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Fig 6. Forest plot of the rate of developing constipation.

Ten articles were included. The random effect model (Mantel-Haenszel method) was applied. Abbreviation: CI confidence interval.

https://doi.org/10.1371/journal.pone.0172846.g006

Discussion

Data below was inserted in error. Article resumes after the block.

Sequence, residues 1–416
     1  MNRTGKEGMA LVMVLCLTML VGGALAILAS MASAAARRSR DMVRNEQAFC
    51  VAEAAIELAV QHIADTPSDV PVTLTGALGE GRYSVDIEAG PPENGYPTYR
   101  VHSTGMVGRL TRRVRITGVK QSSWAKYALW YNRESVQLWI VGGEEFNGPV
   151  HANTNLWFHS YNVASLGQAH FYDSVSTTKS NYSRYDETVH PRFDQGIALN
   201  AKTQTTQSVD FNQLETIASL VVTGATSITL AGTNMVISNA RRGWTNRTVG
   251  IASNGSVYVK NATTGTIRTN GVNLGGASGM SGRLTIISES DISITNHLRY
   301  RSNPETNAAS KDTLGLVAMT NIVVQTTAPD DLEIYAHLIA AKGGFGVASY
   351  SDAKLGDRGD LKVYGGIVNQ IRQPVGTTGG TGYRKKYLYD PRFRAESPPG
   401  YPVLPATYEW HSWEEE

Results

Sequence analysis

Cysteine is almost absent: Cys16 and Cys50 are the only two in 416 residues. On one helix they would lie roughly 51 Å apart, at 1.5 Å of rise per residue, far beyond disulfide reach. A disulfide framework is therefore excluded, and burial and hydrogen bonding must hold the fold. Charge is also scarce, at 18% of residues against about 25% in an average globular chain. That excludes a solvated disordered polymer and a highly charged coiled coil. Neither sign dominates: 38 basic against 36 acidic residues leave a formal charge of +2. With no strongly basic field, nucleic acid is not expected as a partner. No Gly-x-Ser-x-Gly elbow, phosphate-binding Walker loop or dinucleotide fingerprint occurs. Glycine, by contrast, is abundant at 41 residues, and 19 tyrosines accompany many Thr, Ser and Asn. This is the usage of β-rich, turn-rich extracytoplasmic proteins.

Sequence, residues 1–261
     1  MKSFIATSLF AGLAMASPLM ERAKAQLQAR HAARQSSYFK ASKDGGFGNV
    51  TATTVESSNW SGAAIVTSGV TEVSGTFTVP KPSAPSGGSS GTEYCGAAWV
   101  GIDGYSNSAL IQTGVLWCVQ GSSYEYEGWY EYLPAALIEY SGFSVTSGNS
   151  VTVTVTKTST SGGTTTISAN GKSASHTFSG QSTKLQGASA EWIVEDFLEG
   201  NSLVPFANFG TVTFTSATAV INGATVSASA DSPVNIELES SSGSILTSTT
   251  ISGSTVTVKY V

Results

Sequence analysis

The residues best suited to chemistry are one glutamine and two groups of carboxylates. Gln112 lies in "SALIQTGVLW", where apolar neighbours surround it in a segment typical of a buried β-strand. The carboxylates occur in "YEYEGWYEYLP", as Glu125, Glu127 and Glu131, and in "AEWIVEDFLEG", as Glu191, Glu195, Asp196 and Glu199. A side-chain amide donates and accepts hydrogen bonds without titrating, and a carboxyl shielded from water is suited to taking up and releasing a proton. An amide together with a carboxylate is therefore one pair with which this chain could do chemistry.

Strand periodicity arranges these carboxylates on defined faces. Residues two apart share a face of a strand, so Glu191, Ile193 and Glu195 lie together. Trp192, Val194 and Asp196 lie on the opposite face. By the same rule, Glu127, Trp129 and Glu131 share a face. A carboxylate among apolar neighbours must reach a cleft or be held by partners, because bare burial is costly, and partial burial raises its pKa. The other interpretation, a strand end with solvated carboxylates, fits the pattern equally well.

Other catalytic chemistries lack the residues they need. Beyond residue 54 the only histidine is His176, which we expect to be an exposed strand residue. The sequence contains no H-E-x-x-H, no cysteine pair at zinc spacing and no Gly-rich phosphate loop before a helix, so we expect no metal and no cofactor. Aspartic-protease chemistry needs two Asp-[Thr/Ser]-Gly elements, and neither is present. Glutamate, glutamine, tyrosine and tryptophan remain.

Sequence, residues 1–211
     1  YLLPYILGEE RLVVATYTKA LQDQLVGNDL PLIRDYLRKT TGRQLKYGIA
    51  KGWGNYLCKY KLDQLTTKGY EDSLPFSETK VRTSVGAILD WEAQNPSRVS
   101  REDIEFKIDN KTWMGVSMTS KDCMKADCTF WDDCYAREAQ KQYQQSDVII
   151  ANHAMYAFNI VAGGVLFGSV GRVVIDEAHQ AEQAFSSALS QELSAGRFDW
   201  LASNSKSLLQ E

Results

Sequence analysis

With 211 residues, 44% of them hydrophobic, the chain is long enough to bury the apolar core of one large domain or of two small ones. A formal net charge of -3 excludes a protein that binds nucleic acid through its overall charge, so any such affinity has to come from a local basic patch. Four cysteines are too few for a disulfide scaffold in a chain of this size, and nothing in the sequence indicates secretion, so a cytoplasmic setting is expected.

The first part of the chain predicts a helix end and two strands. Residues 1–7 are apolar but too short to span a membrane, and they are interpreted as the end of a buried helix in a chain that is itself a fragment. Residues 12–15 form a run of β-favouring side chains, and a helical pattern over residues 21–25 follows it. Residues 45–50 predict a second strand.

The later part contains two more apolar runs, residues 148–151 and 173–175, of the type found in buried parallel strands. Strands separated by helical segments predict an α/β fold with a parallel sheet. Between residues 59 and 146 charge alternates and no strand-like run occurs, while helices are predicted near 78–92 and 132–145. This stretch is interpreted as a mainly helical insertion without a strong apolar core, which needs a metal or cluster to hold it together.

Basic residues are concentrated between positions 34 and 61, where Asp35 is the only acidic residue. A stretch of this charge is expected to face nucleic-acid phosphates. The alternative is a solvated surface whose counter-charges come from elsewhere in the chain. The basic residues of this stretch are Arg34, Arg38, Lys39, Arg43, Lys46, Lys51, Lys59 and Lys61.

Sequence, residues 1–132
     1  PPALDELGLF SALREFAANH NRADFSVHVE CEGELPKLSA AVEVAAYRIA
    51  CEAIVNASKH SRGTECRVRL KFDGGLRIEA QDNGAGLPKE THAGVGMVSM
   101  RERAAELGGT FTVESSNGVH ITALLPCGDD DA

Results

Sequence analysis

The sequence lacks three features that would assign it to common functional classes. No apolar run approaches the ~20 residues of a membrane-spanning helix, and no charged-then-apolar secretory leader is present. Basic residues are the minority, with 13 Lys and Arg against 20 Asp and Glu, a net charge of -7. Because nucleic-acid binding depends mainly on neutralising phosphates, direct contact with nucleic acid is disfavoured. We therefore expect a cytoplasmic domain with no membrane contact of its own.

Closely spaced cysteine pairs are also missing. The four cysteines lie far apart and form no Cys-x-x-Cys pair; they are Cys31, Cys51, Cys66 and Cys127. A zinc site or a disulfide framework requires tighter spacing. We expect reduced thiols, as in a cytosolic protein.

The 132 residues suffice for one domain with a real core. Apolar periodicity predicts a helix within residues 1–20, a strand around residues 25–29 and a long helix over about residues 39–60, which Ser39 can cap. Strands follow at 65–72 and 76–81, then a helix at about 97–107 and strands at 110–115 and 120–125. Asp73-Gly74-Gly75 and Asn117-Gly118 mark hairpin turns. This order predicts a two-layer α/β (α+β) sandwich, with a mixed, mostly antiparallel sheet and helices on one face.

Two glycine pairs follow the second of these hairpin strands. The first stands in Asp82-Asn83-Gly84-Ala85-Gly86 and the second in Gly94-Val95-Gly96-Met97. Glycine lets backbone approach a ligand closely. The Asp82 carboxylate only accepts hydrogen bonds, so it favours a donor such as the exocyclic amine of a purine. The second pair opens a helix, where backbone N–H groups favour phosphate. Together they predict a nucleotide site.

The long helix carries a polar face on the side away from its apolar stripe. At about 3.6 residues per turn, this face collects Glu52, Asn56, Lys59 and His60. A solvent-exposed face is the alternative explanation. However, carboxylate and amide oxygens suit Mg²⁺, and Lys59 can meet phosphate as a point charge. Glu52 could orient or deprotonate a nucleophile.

The present meta-analysis indicates significant improvement of the global symptoms, abdominal pain and discomfort, and abnormal bowel habits or stool consistency in non-constipated IBS or IBS-D following 5-HT3 receptor antagonist treatment. Our results are consistent with the systematic reviews by Ford et al. and Andresen et al. [4, 15], who concluded that alosetron and cilansetron improve global IBS symptoms and abdominal pain. Previous systematic reviews and meta-analyses that examined alosetron and cilansetron efficacy for treating IBS have important limitations. Andresen et al. included minor inconsistent data in their meta-analysis, which included the application of the proportion of patients that improved after therapy from a subgroup analysis, rather than an intention-to-treat population, to calculate the number of patients whose symptoms improved [15]. Ford et al. provided efficacy data for all existing 5-HT receptor agonists and antagonists used for treating IBS and concluded that alosetron, cilansetron, and tegaserod were all more effective than placebo for treating IBS [4]. Unfortunately, Ford et al. and Andresen et al. did not include studies on ramosetron or ondansetron in their analyses, or the US FDA-suggested use of stool consistency and abdominal pain as co-primary endpoints for IBS-D. The quality of the RCTs included often limit meta-analyses. In the present study, trial quality, assessed using the Jadad scale, fortunately was high for most of the studies. We used intention-to-treat analysis and used a random effects model to pool data to obtain more conservative estimates of 5-HT3 receptor antagonist efficacy, and contacted the authors to obtain supplementary data to maximize the number of potentially eligible trials that could contribute data to our analyses. Moreover, we assessed the potential adverse effects of these therapies by collecting and pooling adverse events data. Lastly, we used subgroup analyses to examine the effect of different 5-HT3 receptor antagonists, sex and duration of therapy, study population, and publication type. We found consistent treatment response across studies from different countries; for “relief of global IBS symptoms”, “relief of abdominal pain and discomfort” and “relief of abnormal bowel habits or stool consistency”, the estimated pooled RR was 1.56 (95% CI: 1.43, 1.71), 1.33 (95% CI: 1.26, 1.39), and 1.63 (95% CI: 1.33, 1.99), respectively.